First defeat since 2011 puts Taylor career in perspective as Olympic dream still alive
OLYMPIC gold medallist Katie Taylor has suffered a shock defeat at the Olympic qualifiers in Samson, Turkey.
In the semi finals of the 60kg lightweight category, Taylor went down to a unanimous 3-0 decision to Russian-born Yana Alekseevna who was represents Azerbaijan.
The loss – Katie's first since 2011 – means that she will have to qualify for the Rio Olympics at the World championships in Astana, Kazakhstan next month.
While the AIBA, the governing body of boxing, have a habit of changing the qualification criteria, as it stands right now a place in the last four in Astana will be sufficient to secure a place in Rio for Taylor.
Her last defeat in a championship event came at the European Union tests in Sardinia in 2006. Like today, her father Pete Taylor wasn't in her corner in 2006.
Taylor was a shade unlucky not to get the decision today as it looked like she did enough to nick the fourth and final round.
Ironically, one of the judges who had given Alekseevna the first three stanzas give the fourth to Taylor. But the other two judges opted for the Azeri fighter who formerly represented the Ukraine.
Southpaw Alekseevna – who is a year younger than Taylor and far taller than the Irish fighter – laid the foundation for her first win over the Olympic title holder in the first round, winning it on all three judges' cards 10-9.
Taylor responded well in round 2, winning it on two judges' cards which meant the fight was level on their cards at the halfway point in the contest. But that was as good as it got for Taylor in a tactical contest.
Alekseevna – who was unlucky to lose to Taylor on a split decision in the semi-finals at the inaugural European Games in Baku last summer – took the third round which left the Irishwoman with a huge task in round 4. Urged by the two Irish coaches, Zaur Antia and John Conlan, she finally came out of her shell in the last two minutes and caught her opponent with a right hand on at least three occasions.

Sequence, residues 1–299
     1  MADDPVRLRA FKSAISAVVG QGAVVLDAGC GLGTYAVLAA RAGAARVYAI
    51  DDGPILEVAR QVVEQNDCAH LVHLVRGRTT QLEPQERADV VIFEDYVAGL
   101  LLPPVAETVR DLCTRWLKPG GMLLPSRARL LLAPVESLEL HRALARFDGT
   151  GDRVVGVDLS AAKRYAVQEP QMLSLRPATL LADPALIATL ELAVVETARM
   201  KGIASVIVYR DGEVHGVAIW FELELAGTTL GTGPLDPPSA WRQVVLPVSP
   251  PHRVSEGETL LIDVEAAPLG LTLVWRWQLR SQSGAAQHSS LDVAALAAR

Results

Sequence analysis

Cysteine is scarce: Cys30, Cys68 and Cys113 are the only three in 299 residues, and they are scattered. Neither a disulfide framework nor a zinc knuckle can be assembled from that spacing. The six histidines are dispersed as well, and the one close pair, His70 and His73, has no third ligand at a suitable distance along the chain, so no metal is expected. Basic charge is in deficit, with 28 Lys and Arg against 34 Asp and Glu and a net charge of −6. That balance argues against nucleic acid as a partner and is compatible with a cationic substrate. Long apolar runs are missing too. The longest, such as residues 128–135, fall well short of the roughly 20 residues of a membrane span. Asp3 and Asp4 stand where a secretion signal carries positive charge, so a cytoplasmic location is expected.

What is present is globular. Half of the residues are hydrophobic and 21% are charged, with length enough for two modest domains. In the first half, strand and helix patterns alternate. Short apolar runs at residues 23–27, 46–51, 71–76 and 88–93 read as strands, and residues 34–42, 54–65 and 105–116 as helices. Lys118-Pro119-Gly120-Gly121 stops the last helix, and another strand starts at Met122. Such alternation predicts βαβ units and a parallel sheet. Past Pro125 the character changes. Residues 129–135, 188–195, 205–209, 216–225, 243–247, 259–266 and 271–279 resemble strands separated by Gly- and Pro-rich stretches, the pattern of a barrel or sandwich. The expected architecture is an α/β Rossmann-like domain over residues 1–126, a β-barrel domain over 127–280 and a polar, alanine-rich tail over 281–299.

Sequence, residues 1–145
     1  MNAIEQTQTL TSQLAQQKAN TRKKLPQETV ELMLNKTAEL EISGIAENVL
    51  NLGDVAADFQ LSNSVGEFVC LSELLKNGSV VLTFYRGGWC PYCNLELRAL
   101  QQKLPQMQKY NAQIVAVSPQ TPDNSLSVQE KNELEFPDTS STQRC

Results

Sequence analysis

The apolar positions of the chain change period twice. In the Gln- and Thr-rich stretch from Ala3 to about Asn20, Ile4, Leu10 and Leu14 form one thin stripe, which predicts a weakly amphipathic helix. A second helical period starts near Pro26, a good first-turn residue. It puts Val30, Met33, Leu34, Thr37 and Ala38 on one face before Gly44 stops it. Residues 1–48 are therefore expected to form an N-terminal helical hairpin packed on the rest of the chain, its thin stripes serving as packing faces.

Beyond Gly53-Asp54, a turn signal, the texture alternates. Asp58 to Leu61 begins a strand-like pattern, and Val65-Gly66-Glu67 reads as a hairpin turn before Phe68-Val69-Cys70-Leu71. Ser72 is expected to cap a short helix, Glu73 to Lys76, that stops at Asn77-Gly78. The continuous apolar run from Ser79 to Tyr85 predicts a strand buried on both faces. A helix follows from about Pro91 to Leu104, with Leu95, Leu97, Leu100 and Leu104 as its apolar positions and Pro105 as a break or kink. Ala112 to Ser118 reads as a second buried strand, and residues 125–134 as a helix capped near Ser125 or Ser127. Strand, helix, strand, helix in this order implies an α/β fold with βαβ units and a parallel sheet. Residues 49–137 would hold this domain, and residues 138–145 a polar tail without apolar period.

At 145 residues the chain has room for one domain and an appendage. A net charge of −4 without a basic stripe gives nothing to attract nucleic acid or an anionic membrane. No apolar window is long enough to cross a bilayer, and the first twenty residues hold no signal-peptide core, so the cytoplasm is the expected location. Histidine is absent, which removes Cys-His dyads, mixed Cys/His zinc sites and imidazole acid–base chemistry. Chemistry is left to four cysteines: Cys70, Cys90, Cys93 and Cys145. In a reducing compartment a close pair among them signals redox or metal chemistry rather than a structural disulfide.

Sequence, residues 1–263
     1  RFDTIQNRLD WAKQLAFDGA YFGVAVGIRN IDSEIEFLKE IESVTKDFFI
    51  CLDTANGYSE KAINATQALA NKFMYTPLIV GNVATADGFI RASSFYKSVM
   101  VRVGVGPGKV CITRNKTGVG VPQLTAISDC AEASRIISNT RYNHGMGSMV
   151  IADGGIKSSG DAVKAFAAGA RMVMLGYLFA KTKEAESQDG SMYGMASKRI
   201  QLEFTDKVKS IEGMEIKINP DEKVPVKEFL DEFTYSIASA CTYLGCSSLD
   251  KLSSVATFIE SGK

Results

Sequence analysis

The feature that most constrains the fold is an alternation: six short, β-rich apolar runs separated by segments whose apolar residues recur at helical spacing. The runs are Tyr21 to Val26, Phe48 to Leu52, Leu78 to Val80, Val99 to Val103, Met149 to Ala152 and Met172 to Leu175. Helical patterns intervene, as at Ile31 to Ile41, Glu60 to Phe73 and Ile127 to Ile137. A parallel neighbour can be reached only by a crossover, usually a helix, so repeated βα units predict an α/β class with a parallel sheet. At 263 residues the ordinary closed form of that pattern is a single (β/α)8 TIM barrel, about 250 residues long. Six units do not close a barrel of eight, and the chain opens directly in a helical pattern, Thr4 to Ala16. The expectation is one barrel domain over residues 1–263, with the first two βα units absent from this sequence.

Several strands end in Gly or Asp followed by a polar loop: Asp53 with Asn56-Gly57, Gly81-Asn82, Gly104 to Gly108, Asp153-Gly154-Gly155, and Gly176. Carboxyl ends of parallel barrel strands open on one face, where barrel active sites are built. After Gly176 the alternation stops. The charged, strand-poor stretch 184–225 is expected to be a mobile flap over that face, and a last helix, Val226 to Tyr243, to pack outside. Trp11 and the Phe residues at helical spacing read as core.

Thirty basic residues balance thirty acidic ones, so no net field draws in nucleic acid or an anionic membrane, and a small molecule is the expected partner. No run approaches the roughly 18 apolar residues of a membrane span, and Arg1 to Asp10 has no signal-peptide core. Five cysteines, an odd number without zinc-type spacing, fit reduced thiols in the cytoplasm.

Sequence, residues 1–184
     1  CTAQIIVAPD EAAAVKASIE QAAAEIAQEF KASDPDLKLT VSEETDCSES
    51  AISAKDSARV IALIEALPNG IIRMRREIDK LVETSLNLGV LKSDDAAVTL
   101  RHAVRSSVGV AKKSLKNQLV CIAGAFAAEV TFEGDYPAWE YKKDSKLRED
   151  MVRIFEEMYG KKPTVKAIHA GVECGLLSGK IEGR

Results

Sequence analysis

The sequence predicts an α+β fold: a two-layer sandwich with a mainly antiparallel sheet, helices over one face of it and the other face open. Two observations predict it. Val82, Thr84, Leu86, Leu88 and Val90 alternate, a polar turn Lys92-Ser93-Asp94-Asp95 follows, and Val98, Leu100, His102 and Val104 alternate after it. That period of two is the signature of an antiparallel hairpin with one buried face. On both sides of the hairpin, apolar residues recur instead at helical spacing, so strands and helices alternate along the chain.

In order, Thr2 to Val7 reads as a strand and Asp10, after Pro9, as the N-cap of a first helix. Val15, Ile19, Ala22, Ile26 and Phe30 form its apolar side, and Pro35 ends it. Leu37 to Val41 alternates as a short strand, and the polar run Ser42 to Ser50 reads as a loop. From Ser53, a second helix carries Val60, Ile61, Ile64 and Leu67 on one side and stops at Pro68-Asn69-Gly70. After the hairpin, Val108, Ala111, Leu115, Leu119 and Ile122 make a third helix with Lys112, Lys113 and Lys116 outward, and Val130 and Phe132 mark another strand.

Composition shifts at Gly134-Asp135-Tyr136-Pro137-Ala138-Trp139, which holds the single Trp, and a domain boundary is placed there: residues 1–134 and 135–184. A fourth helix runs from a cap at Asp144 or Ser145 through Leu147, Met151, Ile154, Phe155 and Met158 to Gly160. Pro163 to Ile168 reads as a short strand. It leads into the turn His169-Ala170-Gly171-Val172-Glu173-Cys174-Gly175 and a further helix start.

But given the close connections with Turkey and Azerbaijan, Alekseevna was always likely to get the verdict in a tight contest.
Given the body language of Taylor and Antia immediately after the fight, they thought they would get the decision. But it was Alekseevna's hand which was raised in triumph, winning the contest 39-37 on all three judges' cards.
While the result is a major disappointment to Taylor, it is not a disaster. The chances are that she will still defend her Olympic title in Rio in August.
Much, of course, will depend on how Taylor reacts to the loss in the absence of her long-time mentor, coach and father, Pete Taylor.
Taylor meets Bulgaria's Svetlana Staneva in a box-off for third place on Sunday, and if she wins this bout she will qualify for Rio if Alekseevna or Italy's Irma Testa finishes in the top four in Astana.
Sunday's box-off is essentially to decide the ranking list for the lightweight division in Europe for the Olympics. If Taylor wins she will be ranked third and if the European spots are re-allocated in the event of Alekseevna or Testa reaching the semi-finals in Astana, then Taylor will get one of them.
She can avoid all these permutations by reaching the semi-finals herself in Astana, where she is aiming to win a record sixth consecutive World title. However, an AIBA source was unable to confirm that this criteria will apply.
Today's defeat needs to be put in the context of Katie's magnificent career. She was aiming for her 64th consecutive win; her overall record remains at an astonishing 165-8 and she has won 18 championship titles; compromising of one Olympic, five world, six European, five European Union and one European Games title.